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Though this case is focused on the means of force-feeding Guantanamo inmates, the backdrop is the continued existence of this netherworld prison which President Barack Obama vowed to close but which Congress has insisted be kept open.
As the public proceedings got under way on Tuesday, the indomitable advocate for justice, Eve Tetaz, removed her jacket to reveal an orange T-shirt with "SHUT DOWN GUANTANAMO" on the front, and "STOP TORTURE; WWW.WITNESS AGAINST TORTURE.ORG" on the back. But orange T-shirts were apparently a violation of courtroom etiquette and, after a brief scuffle, Eve was removed.
We extracted a promise from the guard that she would be allowed back in the courtroom but, instead, she was evicted from the building. We later learned that she was spared "forced cell extraction" treatment. Eve was merely handcuffed and then, with faux solicitousness, the Federal Protective Service, having successfully protected us all from Eve, condescendingly freed her to go home and sin no more.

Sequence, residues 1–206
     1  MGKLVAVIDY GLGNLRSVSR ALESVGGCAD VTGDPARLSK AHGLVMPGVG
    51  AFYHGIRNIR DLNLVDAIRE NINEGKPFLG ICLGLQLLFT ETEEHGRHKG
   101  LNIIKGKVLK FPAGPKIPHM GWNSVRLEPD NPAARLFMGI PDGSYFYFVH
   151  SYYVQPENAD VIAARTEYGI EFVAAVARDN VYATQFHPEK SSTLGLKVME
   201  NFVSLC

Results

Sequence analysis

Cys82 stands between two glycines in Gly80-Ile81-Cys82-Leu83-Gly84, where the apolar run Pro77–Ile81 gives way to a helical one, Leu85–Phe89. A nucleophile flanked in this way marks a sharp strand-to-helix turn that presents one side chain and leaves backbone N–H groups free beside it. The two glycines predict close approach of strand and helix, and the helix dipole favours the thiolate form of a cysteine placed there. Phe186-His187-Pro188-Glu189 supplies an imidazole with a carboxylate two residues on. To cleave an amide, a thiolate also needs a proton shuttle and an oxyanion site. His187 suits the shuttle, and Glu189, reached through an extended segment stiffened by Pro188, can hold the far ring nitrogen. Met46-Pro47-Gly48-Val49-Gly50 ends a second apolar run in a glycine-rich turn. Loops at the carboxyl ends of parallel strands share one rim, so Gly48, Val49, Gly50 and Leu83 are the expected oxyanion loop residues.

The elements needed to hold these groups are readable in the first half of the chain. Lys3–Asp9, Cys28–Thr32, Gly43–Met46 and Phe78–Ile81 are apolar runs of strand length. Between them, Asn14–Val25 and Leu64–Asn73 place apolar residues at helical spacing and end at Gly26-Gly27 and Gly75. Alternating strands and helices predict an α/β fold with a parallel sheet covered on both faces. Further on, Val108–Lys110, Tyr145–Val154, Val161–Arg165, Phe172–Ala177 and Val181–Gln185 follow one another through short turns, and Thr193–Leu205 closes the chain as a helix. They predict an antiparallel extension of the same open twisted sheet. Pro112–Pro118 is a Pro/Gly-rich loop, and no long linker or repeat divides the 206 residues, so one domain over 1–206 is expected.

Otherwise, Judge Gladys Kessler has done us a great favor in insisting that Dhiab v. Obama be a substantially open proceeding, so that even plain folks like you and me can go and watch. The more daunting task is to find ways to tell our fellow citizens what we have seen.
If anything qualifies for the description of a festering boil, Guantanamo does. We would do well to follow Dr. Martin Luther King's dictum (in his Letter from the Birmingham City Jail) on how to deal with boils:
"Like a boil that can never be cured so long as it is covered up but must be opened with all its pus-flowing ugliness to the natural medicines of air and light, injustice must be exposed, with all the tension its exposure creates, to the light of human conscience and the air of national opinion before it can be cured."